social group, maybe of a specific ethnicity, helps the individual derive their self-concepts and
European Practices and Policies Towards Ethnic Minorities
Puja Daya
often self-worth. In reference to this, if the adolescent takes pride of their ethnic group and
favours them, then being apart of that group may enhance their self-esteem and confidence
(Lorenzo-Hernandez and Ouellette, 1998). However, if they do not feel fully integrated
within the group, it can have the opposite effect, especially if they also do not feel like they
belong to any other group outside of their ethnicity.
Nevertheless, many researchers such as Carlson et al (2000) have established that there is
often a positive correlation in regards to an individuals’ ethnic identity (when fully integrated
into it) and self esteem. Thus, this relationship only occurs for the adolescents for whom their
minority ethnic group is salient (Phinney, 1991) and it is seen as more salient for those who
are apart of an ethnic minority rather than majority (Martinez and Dukes, 1997). This
suggests that often, adolescents of minority ethnic groups are more integrated within their
own culture than majority ethnic groups are with theirs because the group is too large to be as
tight knit. This maybe beneficial to the minority group on one hand, because they feel support
and belonged to something greater than themselves, however at the same time it may make
them feel disengaged and integrated within the wider community and majority group of white
British individuals. Thus, the individual of a minority ethnic group may feel that their life is
embedded into multiple contexts but only feel belong to one which is in relation to their
group, nevertheless these different contexts that exist around them are what shape their
identity and influence their experiences during the adolescent years (Bronfenbrenner, 1989).
However, the individuals that do only feel like they belong to their ethnic minority group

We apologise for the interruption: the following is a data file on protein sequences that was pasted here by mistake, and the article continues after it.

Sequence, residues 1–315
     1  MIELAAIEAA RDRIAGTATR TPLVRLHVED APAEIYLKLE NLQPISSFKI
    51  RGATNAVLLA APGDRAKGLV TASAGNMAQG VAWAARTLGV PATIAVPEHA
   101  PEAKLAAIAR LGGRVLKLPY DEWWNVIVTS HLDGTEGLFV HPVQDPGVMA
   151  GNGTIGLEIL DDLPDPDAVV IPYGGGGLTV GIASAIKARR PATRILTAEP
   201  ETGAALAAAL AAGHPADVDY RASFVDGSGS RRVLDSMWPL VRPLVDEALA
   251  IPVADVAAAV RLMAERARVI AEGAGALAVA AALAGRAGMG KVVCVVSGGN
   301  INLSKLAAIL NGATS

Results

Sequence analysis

may find themselves sheltered into the group, not leaving it (Adriana, 2004) – this may allow
them to feel that they are not apart of a minority as together they become a majority but it
could disintegrate them from the rest of society. For instance, there are still today some ethnic
minority individuals or groups in Britain that do not speak English, making it nearly
impossible to integrate within society fully.
Racial Discrimination and Integration
Studies have conveyed that abilities to cope with discrimination and racism can be influenced
by ones’ ethnic origin (Chavira and Phinney (1991). Thus, the issues that occur with ethnic
minority identity are not just personal identity crisis’ but also the way in which one is
perceived by others, especially within different institutions such as schools. The concern
being racism. It is important to understand the definition of racism as “an ideology that gives
expression to myths about other racial and ethnic groups, that devalues and renders inferior
those groups, that reflects and is perpetuated by deeply rooted historical, social, cultural and
power inequalities in society” (Human Rights and Equal Opportunity Commission, 1998).
This racial discrimination can either be direct or indirect, either disbursed by the institution
such as schools or by colleagues and individuals.
Often there has been a concern that many students of different ethnic minorities are unable to
take part in certain educational activities without racial harassment such as physical
education and science due to their religion (Osler, YEAR). The dynamics of what is taught
within school often differs to the values your parents encourage you to hold, thus a ‘clash of
values’ (Rex, 2001: 214) occurs. For instance, many female Muslim students in primary and
secondary school would not wear the normal uniform (of shorts) during physical education
lessons due to religious disapproval. This can often cause questions from other students in an